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FS#25628 - [srcpac] Add support for building packges from Git

Attached to Project: Arch Linux
Opened by Andrej Podzimek (andrej) - Wednesday, 17 August 2011, 20:26 GMT
Last edited by Gerardo Exequiel Pozzi (djgera) - Saturday, 08 February 2014, 00:27 GMT
Task Type Feature Request
Category Arch Projects
Status Assigned
Assigned To Andrea Scarpino (BaSh)
Architecture All
Severity Low
Priority Normal
Reported Version
Due in Version Undecided
Due Date Undecided
Percent Complete 0%
Votes 2
Private No



The attached patch adds experimental (shot-in-the-dark) support for building packages from Git instead of ABS.


* Added a configuration file /etc/srcpac.conf with some important variables.
* Added initial support for building packages from Git.
* The Git repository is first cloned if the appropriate directory is not found.
* If the Git repository directory exists, the tree is first reverted to its initial state (local changes purged) and then updated (pulled) from the remote repository.
* Added the -z or --git option to build from Git instead of ABS. Without this option, srcpac should behave the same way as the original version.
* Fixed a bug when no packages were supplied to pacman and installed after building an entire compound package and selecting the default ("all"/empty) option.
* Removed --asroot completely. It does not seem to serve any reasonable purpose.

Known issues:

* The code branch corresponding to $pkg != $pkgbase in build_packages() never runs. Consequently, *all* packages from compound PKGBUILDs are installed by pacman instead of the required ones only.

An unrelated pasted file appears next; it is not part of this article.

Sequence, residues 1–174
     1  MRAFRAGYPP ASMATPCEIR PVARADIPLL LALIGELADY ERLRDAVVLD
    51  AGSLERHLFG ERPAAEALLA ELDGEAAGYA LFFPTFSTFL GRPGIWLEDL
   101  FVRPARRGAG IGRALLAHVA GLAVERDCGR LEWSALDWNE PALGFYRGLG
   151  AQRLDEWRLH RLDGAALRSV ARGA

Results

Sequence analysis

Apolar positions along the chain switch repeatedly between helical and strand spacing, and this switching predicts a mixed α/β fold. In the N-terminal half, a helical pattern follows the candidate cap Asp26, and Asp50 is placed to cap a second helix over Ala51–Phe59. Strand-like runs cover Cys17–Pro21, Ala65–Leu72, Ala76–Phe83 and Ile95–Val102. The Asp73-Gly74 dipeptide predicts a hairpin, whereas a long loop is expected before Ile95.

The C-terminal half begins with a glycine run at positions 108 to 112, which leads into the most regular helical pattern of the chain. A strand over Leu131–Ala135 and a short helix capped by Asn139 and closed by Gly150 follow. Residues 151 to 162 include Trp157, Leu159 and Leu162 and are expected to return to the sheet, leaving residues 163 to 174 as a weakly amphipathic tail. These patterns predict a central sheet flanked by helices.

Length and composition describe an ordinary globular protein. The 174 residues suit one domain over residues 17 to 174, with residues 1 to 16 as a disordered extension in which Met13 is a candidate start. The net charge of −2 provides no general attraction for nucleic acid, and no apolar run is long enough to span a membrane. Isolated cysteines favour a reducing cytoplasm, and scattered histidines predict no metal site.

*This is a bug inherited from the original srcpac. It is caused by calling the build_packages() function with the resolved 'candidates' (package directories) instead of the actual package names required by the command line arguments.
*This should be sorted out properly by creating a mapping of the candidate directories to sets of required (sub)package names for each candidate.)
* It fails if GITROOT or ABSROOT paths contain spaces. (This is not critical, but it can be certainly fixed somehow. (Dunno how.))
* The differences in directory naming (extra/lsof versus lsof/trunk) caused certain difficulties concerning those prefix/suffix expressions. I may have messed something up.

Other remarks and suggestions:

* Nearly 100% of corner cases (packages replacing other packges, changes in dependency sets from version to version) cause failures. This means that *most* if not all full system upgrades fail.
* The dependency on pacman (and its view of the binary repositories, possibly inconsistent with both ABS and the Git tree) is a problem.
* The code badly needs cleanup...
* This thing is becoming rather complex. Shouldn't it be implemented in a more suitable language (Perl, Python, ...)?
This task depends upon

Comment by Andrej Podzimek (andrej) - Monday, 22 August 2011, 07:44 GMT
Ooops! There's yet another issue. Unfortunately, the Git repo contains only core and extra packages. Supporting community packages would require a separate Git checkout and dealing with two separate trees.
Comment by Andrej Podzimek (andrej) - Monday, 22 August 2011, 09:44 GMT
Two further issues I found during tests:

1) When SUDO_USER is set, srcpac (or perhaps makepkg) attempts to install missing dependencies using pacman under the restricted user role, which (of course) does not work (at least not in an unattended manner).
2) IMO, when the -b flag is set, the missing build-time dependencies should be *built* (rather than downloaded by pacman) and *optionally* removed (rather than removed automatically). Keeping them is preferable since they will be needed on every single future update of the dependent package and rebuilding or reinstalling them each time serves no purpose. Alternatively, there could be more options, such as
-b == "download missing packages with pacman"
-bb == "build missing packages"
-r == "remove temporarily added build dependencies" (*but* no sooner than at the end of the whole update procedure and only if their removal is still possible (they did not become run-time dependencies in the mean time))

Perhaps I could have a look at the second suggestion, but have no idea how the first one could (should) be dealt with.